CJS200 Week 8 Checkpoint Prison Populations

CJS200 Week 8 Checkpoint Prison Populations - children that...

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Media and Crime 1 Media and Crime Josh Gorban There have been many studies conducted that suggest that the media has a major influence on the crime rates that America endures today. “Two of the most compelling field studies have looked at the way television changed a culture when it was first introduced. In 1973, Tannis MacBeth Williams studied the kids in a Canadian town before and after the town got TV. She found that creativity dropped and that within two years after the arrival of the tube, rates of hitting, shoving and biting among first and second graders increased by 160 percent.” (Violence, reel to real, 1995). This article explains that media has a large impact on children and the adults that they become. It is believed that when a child witnesses a murder or crime on television that they do believe it to be real. This, in turn, begins to numb the child and then this type of after-school training subconsciously teaches these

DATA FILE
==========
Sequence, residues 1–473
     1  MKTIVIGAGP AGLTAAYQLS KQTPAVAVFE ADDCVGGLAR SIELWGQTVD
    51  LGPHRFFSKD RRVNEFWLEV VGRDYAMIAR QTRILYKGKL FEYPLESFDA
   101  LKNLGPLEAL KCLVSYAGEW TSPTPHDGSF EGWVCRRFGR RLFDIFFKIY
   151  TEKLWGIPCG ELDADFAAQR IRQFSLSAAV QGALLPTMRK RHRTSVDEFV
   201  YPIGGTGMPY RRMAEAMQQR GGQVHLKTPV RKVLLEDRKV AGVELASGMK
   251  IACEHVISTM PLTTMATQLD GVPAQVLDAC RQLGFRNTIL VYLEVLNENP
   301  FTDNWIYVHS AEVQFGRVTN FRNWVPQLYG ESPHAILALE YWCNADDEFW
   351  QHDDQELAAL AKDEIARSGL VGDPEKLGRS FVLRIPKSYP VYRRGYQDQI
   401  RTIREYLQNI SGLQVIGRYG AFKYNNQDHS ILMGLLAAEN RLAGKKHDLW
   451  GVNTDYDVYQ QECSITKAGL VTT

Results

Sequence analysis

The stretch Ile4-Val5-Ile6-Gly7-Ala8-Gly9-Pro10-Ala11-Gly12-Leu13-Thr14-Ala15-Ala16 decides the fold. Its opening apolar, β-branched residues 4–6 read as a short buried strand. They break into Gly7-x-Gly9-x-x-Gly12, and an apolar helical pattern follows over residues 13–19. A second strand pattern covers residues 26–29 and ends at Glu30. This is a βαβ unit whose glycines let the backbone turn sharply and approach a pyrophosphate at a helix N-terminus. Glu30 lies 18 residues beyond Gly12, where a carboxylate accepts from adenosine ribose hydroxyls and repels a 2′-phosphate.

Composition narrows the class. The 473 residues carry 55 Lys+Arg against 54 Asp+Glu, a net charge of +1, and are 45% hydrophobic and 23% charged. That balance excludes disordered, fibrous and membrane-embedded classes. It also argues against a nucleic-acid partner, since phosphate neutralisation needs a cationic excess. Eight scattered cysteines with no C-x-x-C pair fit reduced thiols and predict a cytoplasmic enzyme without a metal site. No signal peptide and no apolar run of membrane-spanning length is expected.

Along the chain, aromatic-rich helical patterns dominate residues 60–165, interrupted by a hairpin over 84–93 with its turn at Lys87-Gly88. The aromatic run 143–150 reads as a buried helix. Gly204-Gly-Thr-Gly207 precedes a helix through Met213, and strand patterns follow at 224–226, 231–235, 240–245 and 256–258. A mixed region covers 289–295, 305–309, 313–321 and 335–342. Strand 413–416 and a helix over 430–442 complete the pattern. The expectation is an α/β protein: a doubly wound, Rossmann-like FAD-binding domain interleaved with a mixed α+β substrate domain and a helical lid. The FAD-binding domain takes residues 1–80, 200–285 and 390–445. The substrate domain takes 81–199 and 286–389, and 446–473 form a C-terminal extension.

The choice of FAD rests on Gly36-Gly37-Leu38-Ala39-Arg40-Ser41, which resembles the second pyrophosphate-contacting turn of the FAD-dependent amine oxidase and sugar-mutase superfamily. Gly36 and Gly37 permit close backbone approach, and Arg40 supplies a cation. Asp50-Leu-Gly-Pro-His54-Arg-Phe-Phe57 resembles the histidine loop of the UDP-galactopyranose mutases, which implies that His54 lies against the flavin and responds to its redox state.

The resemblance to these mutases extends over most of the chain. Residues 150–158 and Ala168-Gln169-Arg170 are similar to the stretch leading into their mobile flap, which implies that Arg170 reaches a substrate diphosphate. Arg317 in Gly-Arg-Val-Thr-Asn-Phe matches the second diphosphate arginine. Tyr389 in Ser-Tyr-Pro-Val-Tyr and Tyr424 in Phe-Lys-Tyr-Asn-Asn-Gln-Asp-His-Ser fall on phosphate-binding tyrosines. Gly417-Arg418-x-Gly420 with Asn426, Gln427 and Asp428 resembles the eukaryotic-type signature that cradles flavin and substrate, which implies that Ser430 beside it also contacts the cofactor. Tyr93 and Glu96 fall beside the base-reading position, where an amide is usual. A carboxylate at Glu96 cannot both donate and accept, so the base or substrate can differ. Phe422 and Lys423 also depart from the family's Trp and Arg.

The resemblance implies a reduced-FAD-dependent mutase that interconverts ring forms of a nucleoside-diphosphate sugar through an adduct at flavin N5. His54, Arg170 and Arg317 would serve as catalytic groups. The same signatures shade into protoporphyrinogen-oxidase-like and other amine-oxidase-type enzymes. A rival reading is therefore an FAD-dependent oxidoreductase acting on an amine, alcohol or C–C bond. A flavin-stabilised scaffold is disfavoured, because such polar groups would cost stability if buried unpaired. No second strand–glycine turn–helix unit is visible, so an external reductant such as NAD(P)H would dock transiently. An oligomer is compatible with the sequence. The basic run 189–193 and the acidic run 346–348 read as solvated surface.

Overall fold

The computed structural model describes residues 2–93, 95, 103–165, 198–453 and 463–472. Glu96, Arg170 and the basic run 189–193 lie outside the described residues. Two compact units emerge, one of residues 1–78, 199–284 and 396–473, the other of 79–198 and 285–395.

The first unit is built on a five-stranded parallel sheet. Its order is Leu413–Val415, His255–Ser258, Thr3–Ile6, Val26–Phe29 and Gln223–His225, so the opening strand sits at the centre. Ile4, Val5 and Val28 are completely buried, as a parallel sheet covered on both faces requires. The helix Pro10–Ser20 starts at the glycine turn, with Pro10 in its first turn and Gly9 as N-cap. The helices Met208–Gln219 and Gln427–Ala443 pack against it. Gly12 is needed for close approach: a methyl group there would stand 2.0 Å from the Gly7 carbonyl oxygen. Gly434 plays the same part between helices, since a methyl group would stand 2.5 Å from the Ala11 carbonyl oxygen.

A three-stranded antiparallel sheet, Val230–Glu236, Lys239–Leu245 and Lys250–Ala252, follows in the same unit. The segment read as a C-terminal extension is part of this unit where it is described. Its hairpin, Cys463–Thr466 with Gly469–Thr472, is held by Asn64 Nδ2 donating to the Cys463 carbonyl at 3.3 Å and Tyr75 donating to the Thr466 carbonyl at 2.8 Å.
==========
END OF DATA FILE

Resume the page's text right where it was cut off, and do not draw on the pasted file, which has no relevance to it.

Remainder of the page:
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Unformatted text preview: children that it is okay to become a criminal. Often we let our children watch whatever they want on television. Even cartoons these days could have some kind of violence, which can lead a child to believe or get violence mixed with pleasure. Even shows that depict someone being punished (with violence) that is believed to be a criminal can be just as harmful as a murder movie. When children view this they begin to believe that violence is the way to handle “bad people” or bad situations. If, as an adult, they have been trained to believe that these types of people should be punished then their mind has been trained to believe that is alright to hit or hurt someone because that person deserves it. References Leland, John. (1995, December 11). Violence, reel to real. Newsweek , 126 , 24....
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